Arie Abecassis We spoke with Arie Abecassis, co-founder of AppStori, to explain why crowdfunding is a viable option for developers. “I was being regularly approached by app entrepreneurs who wanted to find out if a) their app was a good idea, and b) if I could somehow help them fund it? This scenario happened again and again and got me thinking whether there could be an online platform that takes “the crowd” and empowers them to help these ideas come to market. So, from there, I started AppStori with a co-founder, and we officially soft-launched in mid-2012 with a pilot group of developers on our curated platform. We made a decision not to accept every app that submitted to the platform, and vet them the same way that an accelerator would by looking at filters like the team, product idea and commitment.”
“ If you have a free game and choose to limit some features, you won’t get as many downloads because users might think they have to buy everything. If they can’t play without buying things they will get demotivated and will no longer play with the app. TONI FINGERROOS
Founder & CEO, Fingersoft After we launched, the feedback we received was that a lot of the value that app devs were realizing from AppStori was in how it helped them with the marketing (and beta testing) prior to launch, a problem which is becoming acute as more apps flood the market. There is a real and growing challenge of how you get discovered and validate what you’re working on. It became clear that funding was only one of the pain points for app developers, which is why we like to think of AppStori as not just crowdfunding, but as crowdsourcing. Really, you’re developing a brand, your market position and you’re getting real market feedback. I think that app developers, in this era where there is so much clutter, need to expose their idea much earlier to a wider market and develop marketing strategies, all of which we help support. When you build a product you need to think about marketing from the get go, so we force developers to work on that APP DEVELOPER BUSINESS KIT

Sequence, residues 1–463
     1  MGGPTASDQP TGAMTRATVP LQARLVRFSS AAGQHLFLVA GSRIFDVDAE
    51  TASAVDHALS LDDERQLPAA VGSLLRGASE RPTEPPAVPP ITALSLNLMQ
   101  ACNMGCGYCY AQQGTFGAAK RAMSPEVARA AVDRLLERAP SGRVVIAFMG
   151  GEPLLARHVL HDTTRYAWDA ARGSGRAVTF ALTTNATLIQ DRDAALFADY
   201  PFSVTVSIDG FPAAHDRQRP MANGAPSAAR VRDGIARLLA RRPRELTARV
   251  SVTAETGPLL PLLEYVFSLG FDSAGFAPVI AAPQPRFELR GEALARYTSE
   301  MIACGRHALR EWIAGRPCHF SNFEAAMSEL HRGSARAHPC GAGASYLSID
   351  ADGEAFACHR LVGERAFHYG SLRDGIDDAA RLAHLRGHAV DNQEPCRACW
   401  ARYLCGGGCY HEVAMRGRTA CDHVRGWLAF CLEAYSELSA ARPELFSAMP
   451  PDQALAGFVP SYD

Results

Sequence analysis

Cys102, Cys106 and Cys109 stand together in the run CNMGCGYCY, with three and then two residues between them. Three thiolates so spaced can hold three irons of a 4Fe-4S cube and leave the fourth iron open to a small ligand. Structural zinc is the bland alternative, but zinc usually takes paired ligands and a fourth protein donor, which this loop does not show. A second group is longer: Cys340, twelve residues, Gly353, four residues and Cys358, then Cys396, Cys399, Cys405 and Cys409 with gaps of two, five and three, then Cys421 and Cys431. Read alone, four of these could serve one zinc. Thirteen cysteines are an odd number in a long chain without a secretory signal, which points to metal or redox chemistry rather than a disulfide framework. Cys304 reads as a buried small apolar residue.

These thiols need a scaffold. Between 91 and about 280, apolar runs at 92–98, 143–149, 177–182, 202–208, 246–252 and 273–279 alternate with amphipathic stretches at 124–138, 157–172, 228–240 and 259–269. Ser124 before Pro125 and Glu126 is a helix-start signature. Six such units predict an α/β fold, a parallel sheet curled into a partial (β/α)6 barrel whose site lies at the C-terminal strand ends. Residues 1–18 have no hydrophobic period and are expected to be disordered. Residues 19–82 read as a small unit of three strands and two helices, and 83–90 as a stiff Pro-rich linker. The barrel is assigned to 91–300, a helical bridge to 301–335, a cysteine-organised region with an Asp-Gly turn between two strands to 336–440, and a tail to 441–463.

early on by asking them to put a promo video together. They need to think about how they will represent themselves to the broad market, say what they are building, and what value it represents. For AppStori users - those backing the projects - it’s a way to empower them in the app creation process. They can support friends on the platform, and also discover other apps that are coming through the pipeline. It’s a combination of discovery, participation and rewards. Awards tend to be items like T-shirts or other kind of goodies that may be relevant to the app. When we set out to build the platform we wanted to lower the barriers to bringing developers and consumers together. This is why we decided to adopt a success-based model instead of profit sharing, which would mean revenue sacrifices for developers and the addition of several degrees of complexity. Instead, we wanted to keep the proposition clean and build a higher quality base of projects for people to support. We’ve had quite a few successes where apps have been fully funded for the amount they were seeking. For instance, we have an app called Sooligan (based in Arkansas, US) which is a local discovery app for folks in new cities looking for things to do. They were part of an offline accelerator and were going through that process when they joined AppStori. They raised more than $2500 to help refine and launch their mobile app. A lot of people think of innovation occurring in the usual places like New York or the Bay Area, but there are a lot of interesting ideas all over, and our platform breaks down those geographic barriers.